THE ACQUITTAL Monday of former Boston firefighter Albert Arroyo on federal fraud charges stunned city officials. Now they need to shake off the disappointment and keep pressing for reforms in the scandal-plagued fire department.
Federal prosecutors made a straightforward - and eminently reasonable - argument that Arroyo’s application for accidental disability retirement based on a back injury was a sham because he was caught on video performing a strenuous bodybuilding routine just six weeks later. The Boston Fire Department ordered Arroyo back to work after learning he was competing as a bodybuilder. Arroyo refused. But the jury was somehow convinced that Arroyo had been acting in good faith all along, or at least simply following the advice or example of others in the fire department.
The acquittal reinforces the belief that the Boston Fire Department is a consequence-free zone. Questionable disability claims, disproportionate use of sick time, and looking the other way by higher-ups are deeply rooted in the culture of the department. A conviction might have helped change that mindset. Instead, an opportunity was lost, probably because jurors saw specious claims like Arroyo’s as the department norm.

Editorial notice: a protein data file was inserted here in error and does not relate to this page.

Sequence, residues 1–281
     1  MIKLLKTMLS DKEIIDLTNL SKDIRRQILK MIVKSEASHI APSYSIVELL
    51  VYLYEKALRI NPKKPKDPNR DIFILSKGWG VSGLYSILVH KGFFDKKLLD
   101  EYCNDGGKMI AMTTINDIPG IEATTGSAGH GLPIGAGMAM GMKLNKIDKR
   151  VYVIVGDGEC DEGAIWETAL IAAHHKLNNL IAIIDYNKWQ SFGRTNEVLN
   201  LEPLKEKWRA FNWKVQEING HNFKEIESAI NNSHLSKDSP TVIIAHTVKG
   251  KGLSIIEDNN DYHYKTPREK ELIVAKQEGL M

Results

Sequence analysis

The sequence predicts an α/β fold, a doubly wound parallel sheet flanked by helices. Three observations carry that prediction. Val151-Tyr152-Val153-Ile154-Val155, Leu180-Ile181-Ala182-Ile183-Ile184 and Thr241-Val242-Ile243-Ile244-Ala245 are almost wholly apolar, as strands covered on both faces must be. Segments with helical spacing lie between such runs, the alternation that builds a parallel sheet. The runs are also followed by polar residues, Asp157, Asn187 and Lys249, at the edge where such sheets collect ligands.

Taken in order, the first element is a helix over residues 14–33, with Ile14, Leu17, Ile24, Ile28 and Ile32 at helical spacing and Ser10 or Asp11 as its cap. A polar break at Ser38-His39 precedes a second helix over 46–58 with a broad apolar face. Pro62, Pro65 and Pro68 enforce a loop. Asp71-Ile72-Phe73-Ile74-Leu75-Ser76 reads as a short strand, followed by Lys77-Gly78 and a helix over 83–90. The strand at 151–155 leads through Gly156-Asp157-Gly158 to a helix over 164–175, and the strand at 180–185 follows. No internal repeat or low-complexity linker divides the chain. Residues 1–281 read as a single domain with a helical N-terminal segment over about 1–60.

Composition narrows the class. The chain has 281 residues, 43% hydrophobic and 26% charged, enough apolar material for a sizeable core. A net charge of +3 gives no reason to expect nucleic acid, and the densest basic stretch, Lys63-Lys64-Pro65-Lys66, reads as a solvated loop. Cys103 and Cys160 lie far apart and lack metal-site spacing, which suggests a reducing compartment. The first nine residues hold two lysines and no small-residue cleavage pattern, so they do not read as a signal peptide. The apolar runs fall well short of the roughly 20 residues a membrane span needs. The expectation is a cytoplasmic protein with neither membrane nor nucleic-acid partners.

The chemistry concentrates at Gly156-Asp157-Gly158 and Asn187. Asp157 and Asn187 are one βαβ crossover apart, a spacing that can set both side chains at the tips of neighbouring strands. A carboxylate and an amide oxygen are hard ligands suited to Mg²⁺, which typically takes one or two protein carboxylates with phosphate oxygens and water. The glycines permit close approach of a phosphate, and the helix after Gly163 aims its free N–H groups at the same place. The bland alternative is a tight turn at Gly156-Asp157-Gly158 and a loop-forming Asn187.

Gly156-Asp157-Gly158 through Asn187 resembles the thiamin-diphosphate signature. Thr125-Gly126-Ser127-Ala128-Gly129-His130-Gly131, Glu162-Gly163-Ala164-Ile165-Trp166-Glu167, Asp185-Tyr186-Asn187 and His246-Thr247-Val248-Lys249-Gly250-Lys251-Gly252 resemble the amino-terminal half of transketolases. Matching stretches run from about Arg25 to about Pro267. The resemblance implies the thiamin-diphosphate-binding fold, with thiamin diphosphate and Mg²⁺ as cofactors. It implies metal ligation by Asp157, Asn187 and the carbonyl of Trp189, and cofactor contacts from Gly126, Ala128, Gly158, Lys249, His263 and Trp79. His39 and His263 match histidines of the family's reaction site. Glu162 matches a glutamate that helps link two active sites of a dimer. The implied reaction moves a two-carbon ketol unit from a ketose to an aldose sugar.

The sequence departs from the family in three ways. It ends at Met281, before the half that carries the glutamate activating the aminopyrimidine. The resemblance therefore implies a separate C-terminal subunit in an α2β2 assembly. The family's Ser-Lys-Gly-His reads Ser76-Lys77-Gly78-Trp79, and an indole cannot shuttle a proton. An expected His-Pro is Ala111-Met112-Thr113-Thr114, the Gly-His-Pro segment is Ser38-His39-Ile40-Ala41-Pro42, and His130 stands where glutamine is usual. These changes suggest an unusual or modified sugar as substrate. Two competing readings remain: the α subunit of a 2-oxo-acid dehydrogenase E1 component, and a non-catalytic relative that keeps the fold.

This being the Boston Fire Department, there will be other opportunities to establish a new precedent. Another member of the department is accused of faking a career-ending injury and is expected to go on trial in October. The firefighters’ union also has filed a grievance against Arroyo’s termination, seeking to restore his injury leave status and pay him retroactively back to 2008. The city should push back. Perhaps an arbitrator will see what the jury couldn’t - the absurdity of the claim that a person capable of competing as a bodybuilder could barely lift a piece of paper, never mind perform the relatively light duty of an inspector in the fire prevention office.
Arroyo may have walked out of court a winner, but his case still serves as a caution against public corruption. The Legislature already has taken steps to close some of the loopholes used by devious firefighters in the past. And the public has gained a better understanding of the types of schemes perpetrated at its expense. In that regard, at least, Arroyo served the city.